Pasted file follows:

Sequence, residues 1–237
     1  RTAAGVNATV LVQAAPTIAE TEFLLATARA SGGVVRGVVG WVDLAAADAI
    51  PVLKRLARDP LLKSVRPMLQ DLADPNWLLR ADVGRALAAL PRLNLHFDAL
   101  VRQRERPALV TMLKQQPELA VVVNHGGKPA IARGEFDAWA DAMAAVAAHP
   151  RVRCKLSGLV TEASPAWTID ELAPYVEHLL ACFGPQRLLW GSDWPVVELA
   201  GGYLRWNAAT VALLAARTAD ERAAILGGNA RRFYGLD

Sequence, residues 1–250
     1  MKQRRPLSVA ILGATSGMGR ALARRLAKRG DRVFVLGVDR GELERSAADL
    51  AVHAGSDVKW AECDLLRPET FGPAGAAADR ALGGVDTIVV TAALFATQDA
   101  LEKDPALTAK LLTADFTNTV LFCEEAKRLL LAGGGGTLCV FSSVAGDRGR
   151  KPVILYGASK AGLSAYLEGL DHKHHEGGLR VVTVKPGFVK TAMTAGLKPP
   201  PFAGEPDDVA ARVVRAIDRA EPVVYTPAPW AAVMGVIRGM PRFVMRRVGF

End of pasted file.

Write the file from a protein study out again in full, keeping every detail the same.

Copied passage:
Sequence, residues 1–237
     1  RTAAGVNATV LVQAAPTIAE TEFLLATARA SGGVVRGVVG WVDLAAADAI
    51  PVLKRLARDP LLKSVRPMLQ DLADPNWLLR ADVGRALAAL PRLNLHFDAL
   101  VRQRERPALV TMLKQQPELA VVVNHGGKPA IARGEFDAWA DAMAAVAAHP
   151  RVRCKLSGLV TEASPAWTID ELAPYVEHLL ACFGPQRLLW GSDWPVVELA
   201  GGYLRWNAAT VALLAARTAD ERAAILGGNA RRFYGLD

Sequence, residues 1–250
     1  MKQRRPLSVA ILGATSGMGR ALARRLAKRG DRVFVLGVDR GELERSAADL
    51  AVHAGSDVKW AECDLLRPET FGPAGAAADR ALGGVDTIVV TAALFATQDA
   101  LEKDPALTAK LLTADFTNTV LFCEEAKRLL LAGGGGTLCV FSSVAGDRGR
   151  KPVILYGASK AGLSAYLEGL DHKHHEGGLR VVTVKPGFVK TAMTAGLKPP
   201  PFAGEPDDVA ARVVRAIDRA EPVVYTPAPW AAVMGVIRGM PRFVMRRVGF